Voiding dysfunction is a condition where there is poor coordination between the bladder muscle and the urethra which results in incomplete relaxation or over activity of the pelvic floor muscles during voiding. In voiding dysfunction condition, the urethra does not relax when the bladder muscle contracts, making it difficult for urine to pass.
- Urinary hesitancy
- Slow or weak urine stream
- Urinary urgency and/or increased frequency
- Difficulty in emptying the bladder
- Dribbling urine after urination is complete
- Blood in the urine
- Constipation and faecal soiling
Voiding dysfunction may be caused by
- Nerve dysfunction
- Non-relaxing pelvic floor muscles or both
- Endocrine or kidney diseases that affect the urinary tract (e.g. diabetes, chronic kidney disease)
- Genetic diseases that affect the urinary tract (e.g. Ochoa syndrome, Williams syndrome)
- Infections or irritations that affect the urinary tract (e.g. urinary tract infections, urethritis, pin-worms, foreign bodies)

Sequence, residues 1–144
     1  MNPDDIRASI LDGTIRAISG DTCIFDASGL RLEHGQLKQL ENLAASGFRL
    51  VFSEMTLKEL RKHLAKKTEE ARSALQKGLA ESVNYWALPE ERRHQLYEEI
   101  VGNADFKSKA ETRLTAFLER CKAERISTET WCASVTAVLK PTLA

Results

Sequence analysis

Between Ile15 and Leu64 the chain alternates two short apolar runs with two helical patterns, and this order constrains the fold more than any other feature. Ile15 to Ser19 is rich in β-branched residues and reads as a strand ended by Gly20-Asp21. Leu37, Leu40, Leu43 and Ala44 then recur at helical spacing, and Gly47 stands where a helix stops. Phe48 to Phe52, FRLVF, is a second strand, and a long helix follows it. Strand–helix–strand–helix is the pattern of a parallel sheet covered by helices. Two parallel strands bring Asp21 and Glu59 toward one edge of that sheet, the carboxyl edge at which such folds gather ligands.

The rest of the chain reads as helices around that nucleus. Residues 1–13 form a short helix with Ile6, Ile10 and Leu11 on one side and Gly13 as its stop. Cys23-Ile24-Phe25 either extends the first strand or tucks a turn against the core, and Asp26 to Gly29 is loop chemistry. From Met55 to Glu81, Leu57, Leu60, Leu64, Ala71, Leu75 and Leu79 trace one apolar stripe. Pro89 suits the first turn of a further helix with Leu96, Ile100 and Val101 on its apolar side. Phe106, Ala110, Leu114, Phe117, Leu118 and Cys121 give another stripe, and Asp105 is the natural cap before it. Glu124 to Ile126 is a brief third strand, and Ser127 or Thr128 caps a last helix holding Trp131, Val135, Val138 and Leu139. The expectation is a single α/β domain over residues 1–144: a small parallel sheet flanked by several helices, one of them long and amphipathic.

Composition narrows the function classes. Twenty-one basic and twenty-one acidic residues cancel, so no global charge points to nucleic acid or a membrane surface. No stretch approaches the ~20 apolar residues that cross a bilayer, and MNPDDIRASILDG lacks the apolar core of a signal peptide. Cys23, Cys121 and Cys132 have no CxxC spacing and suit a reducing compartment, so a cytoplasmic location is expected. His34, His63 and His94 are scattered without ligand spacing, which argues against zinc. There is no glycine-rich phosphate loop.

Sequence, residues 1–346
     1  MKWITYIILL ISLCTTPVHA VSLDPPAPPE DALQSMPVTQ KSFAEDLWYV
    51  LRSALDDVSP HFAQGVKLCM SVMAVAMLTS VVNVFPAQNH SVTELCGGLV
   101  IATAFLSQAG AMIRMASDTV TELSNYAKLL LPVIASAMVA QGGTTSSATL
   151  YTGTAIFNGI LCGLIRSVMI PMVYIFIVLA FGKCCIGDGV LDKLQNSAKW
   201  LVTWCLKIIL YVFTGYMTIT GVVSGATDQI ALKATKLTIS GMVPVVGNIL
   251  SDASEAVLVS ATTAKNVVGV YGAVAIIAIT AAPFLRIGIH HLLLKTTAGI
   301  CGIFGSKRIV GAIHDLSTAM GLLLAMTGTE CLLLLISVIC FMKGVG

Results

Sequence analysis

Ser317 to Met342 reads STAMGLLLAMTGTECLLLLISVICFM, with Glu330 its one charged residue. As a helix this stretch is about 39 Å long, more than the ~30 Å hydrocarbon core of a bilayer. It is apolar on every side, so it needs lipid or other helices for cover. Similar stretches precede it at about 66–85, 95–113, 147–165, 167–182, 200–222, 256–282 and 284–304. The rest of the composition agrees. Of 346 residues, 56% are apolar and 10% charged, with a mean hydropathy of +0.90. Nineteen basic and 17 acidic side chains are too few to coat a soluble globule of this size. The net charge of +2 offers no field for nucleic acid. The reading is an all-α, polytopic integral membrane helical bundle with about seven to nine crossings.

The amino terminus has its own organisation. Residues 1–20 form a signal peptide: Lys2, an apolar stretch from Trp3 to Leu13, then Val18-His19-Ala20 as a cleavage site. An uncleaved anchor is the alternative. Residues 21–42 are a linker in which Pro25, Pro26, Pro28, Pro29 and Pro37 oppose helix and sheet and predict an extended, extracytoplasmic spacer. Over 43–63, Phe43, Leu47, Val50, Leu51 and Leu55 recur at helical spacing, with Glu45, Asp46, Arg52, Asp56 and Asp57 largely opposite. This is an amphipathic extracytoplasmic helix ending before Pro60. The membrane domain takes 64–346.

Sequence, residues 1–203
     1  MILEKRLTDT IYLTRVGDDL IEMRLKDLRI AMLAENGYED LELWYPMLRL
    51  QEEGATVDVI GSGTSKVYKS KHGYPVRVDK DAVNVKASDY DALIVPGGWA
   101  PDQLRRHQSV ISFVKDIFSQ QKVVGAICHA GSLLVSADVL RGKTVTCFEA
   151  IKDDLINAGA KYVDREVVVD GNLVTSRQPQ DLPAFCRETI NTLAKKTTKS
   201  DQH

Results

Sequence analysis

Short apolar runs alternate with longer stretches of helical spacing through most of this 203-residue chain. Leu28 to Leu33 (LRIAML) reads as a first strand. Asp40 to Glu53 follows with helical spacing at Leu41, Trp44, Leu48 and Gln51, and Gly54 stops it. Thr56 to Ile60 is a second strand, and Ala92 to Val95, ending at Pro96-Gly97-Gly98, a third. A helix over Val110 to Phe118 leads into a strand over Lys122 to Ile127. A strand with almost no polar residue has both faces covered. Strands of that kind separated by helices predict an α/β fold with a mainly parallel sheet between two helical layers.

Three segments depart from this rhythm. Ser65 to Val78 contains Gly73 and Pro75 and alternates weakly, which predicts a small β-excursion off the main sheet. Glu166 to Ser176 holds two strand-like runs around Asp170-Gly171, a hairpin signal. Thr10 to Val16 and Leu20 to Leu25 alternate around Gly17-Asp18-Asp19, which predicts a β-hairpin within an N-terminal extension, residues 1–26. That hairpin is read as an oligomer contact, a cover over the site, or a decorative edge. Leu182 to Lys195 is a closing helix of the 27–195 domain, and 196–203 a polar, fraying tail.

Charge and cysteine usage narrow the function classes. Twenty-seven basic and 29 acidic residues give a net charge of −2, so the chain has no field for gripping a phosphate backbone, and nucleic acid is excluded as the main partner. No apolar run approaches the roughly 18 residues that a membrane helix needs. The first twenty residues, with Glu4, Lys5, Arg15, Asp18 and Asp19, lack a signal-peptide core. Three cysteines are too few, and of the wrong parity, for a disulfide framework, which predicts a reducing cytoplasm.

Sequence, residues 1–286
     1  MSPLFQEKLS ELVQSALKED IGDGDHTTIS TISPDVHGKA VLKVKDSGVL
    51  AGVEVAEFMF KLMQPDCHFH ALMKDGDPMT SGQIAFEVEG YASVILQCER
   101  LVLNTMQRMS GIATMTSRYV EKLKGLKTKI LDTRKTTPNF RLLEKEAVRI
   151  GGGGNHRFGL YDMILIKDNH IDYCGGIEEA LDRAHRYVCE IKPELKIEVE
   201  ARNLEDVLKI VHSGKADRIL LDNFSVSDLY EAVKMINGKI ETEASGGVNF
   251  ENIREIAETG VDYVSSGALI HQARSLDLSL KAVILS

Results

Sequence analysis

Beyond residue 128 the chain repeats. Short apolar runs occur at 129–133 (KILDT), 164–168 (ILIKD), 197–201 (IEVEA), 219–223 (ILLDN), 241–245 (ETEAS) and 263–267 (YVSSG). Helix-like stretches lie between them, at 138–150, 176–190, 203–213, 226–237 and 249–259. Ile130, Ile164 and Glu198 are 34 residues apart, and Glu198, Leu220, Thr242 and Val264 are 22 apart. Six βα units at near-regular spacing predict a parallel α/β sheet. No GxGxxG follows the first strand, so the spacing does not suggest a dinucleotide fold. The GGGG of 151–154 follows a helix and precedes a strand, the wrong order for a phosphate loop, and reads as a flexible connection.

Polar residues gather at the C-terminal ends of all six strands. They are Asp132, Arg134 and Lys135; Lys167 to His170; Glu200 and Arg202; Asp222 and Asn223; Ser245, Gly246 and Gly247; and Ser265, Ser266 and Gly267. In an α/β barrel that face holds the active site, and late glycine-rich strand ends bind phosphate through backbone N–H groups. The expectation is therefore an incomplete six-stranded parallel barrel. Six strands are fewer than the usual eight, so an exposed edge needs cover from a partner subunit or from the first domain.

- Stress incontinence
Types of voiding dysfunction?
Daytime wetting (also called diurnal enuresis): Daytime wetting can consist of either small urine leaks that spot or dampen underwear to the complete soaking of undergarments.
Urge syndrome: This is frequent attacks of the need to void (at least seven times a day) countered by hold manoeuvre’s, such as squatting. Urine loss is mild, represented by a dampening of undergarments.
Giggle incontinence: This is the complete emptying of the bladder that occurs with vigorous laughter or giggling.
Bed-wetting (also called nocturnal enuresis): This is when a sleeping child cannot control his/her urination at night. It is not considered as problem or abnormal condition till the child reaches the age of five. But it is an abnormal condition if patients age is more than five.
Have you encountered any of the symptoms listed above? Contact Sarah Hussain for better treatment to solve any type of voiding dysfunction related issues. We are just a Click away!